SAFE ZONE OF JOINT LINE ELEVATION FOR THE TREATMENT OF KNEE FLEXION CONTRACTURE PREVENTING MID-FLEXION INSTABILITY IN TOTAL KNEE REPLACEMENT

Authors

  • Nauman Abbas Department of Orthopaedics, Ghurki Trust & Teaching Hospital, Lahore-Pakistan
  • Sabir Khan Khattak Department of Orthopaedics, Ghurki Trust & Teaching Hospital, Lahore-Pakistan
  • Muhammad Umer Faheem Department of Orthopaedics, Ghurki Trust & Teaching Hospital, Lahore-Pakistan
  • Naeem Ahmed Department of Orthopaedics, Ghurki Trust & Teaching Hospital, Lahore-Pakistan
  • Amer Aziz Department of Orthopaedics, Ghurki Trust & Teaching Hospital, Lahore-Pakistan
  • Latif Khan Department of Orthopaedics, Ghurki Trust & Teaching Hospital, Lahore-Pakistan

Keywords:

Total knee arthroplasty (TKA); Joint line elevation (JLE); Mid-flexion instability (MFI); Posterior stabilized (PS) knee

Abstract

Background: In osteoarthritic knee, flexion deformity is caused by synovial inflammation, posterior femoral and tibial osteophytes tenting onto the capsule, ligamentous contracture and hamstring shortening. This study aimed to evaluate the safe zone of joint line elevation for the treatment of flexion knee contracture preventing mid-flexion instability in total knee replacement. Methods 51 knees with varus osteoarthritis undergoing TKA were evaluated. 39 knees with flexion contracture < 15°and 12 knees with flexion contracture >15°.  2-mm joint line elevation was performed in just 4 knees with >15° flexion contracture. The extension and flexion gaps were measured with traditional spacer block. Stability in coronal plane (varus & valgus stress) was assessed at 0,30,60 & 90 degrees. Sampling Technique was non probability consecutive. SPSS 23 was used for statistical analysis. Results: The study comprises 51 patients undergoing total knee replacement (TKA) for osteoarthritis, with a notable gender distribution (84.3% women, 15.7% men) and a mean age of 60.24±8.54 years. Of these, 41.2% had both knees affected, and joint elevation was performed in 23.5% with flexion contracture >15°. No instability was found in cases with joint line elevation. Flexion contracture analysis revealed asymmetry across sides, yet no statistically significant differences. Detailed comparisons show variability in flexion contracture and range of motion, emphasizing the complexity of side-specific outcomes. The study underscores the importance of tailored evaluation and intervention for flexion contracture >15° to optimize postoperative results. Conclusions This study has shown that in patients with varus osteoarthritis of the knee and flexion contracture > 15°, a 2-mm joint line elevation is safe to treat knee flexion contracture and is not associated with mid-flexion laxity. Level of evidence IV Cross sectional study.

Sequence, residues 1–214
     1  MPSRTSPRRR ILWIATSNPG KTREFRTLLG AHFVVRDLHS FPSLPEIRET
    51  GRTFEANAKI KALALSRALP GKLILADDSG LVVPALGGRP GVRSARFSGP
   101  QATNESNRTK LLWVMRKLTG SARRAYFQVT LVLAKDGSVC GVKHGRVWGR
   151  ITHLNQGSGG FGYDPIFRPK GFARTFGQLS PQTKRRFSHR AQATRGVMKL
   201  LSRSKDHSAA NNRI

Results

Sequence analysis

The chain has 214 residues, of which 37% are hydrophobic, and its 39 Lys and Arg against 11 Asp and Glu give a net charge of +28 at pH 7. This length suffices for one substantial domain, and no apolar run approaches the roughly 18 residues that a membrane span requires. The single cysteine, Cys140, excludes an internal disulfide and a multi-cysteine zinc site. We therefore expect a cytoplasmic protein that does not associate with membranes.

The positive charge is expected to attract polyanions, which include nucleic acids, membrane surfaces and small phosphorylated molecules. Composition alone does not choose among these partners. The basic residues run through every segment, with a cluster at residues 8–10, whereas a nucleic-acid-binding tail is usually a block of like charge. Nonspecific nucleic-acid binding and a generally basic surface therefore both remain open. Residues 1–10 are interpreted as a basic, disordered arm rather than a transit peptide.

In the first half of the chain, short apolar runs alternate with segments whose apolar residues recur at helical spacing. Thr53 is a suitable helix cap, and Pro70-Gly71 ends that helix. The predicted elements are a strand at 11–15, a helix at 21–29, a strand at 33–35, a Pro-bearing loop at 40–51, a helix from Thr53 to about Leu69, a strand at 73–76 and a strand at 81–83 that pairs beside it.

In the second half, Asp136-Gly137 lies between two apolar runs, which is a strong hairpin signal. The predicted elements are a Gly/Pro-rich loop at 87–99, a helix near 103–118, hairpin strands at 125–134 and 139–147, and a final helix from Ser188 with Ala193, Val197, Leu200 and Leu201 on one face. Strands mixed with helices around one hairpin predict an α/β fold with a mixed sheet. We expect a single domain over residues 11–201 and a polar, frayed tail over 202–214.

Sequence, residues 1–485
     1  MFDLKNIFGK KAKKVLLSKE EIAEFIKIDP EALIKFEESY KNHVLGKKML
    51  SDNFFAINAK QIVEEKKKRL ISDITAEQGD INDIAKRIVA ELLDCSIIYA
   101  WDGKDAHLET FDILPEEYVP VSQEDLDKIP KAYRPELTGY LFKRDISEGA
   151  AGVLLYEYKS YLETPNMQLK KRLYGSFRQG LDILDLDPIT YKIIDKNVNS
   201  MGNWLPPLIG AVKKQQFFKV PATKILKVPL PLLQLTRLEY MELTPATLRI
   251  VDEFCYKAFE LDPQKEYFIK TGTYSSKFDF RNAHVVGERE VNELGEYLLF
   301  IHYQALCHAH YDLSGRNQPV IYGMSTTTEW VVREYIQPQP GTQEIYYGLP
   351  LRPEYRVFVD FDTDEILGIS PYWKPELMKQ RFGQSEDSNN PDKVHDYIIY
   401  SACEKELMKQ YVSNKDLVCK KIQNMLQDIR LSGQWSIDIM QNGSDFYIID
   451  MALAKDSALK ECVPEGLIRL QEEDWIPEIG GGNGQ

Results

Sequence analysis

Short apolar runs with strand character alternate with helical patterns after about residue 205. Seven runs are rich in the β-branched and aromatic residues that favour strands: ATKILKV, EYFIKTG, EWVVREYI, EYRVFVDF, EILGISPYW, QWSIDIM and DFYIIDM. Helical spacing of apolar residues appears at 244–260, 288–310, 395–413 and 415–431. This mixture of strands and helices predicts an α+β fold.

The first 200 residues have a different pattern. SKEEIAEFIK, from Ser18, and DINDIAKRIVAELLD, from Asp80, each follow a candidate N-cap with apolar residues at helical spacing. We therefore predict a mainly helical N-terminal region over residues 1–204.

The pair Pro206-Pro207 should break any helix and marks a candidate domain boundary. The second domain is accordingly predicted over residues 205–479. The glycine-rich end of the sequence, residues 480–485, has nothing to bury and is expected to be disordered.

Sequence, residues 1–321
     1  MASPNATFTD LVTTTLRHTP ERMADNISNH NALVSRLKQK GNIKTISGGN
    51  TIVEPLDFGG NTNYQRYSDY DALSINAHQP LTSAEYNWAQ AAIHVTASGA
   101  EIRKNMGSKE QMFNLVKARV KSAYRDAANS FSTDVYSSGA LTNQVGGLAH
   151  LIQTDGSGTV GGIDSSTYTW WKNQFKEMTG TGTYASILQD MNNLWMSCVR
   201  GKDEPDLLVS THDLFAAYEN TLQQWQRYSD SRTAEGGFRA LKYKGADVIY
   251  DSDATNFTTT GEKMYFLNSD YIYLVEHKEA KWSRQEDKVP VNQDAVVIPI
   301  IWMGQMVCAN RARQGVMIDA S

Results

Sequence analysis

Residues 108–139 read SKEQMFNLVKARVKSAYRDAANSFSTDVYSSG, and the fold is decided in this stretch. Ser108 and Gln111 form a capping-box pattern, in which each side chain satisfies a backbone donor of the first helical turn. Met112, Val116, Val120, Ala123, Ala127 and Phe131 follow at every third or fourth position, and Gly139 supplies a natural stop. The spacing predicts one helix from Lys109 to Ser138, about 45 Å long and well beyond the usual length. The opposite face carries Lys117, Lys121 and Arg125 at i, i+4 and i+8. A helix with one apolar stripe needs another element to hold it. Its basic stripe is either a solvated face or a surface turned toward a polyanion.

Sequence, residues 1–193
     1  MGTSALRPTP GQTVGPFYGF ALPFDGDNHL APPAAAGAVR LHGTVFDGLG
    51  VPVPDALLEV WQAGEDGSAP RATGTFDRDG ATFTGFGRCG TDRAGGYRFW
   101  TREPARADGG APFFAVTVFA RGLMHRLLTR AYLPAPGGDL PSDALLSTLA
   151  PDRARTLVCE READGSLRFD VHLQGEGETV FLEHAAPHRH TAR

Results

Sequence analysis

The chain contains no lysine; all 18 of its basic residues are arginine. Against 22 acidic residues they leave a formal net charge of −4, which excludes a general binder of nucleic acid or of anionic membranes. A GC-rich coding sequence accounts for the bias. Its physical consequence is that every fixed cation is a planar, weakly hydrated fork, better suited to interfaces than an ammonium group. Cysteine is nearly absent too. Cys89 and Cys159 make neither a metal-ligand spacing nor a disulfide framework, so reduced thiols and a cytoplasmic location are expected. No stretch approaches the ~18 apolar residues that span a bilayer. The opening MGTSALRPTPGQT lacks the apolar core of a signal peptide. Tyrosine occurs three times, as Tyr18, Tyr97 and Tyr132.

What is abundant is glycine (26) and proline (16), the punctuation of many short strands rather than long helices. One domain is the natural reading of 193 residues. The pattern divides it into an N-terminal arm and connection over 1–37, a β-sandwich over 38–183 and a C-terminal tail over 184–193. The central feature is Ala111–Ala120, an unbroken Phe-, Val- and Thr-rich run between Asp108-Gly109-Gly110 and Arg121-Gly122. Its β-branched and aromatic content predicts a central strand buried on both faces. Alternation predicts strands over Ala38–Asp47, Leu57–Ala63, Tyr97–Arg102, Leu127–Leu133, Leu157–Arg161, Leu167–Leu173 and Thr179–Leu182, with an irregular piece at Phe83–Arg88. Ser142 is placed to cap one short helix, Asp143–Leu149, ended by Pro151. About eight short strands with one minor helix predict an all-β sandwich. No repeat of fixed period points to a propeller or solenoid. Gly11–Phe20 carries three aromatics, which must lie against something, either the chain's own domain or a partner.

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Published

2024-06-02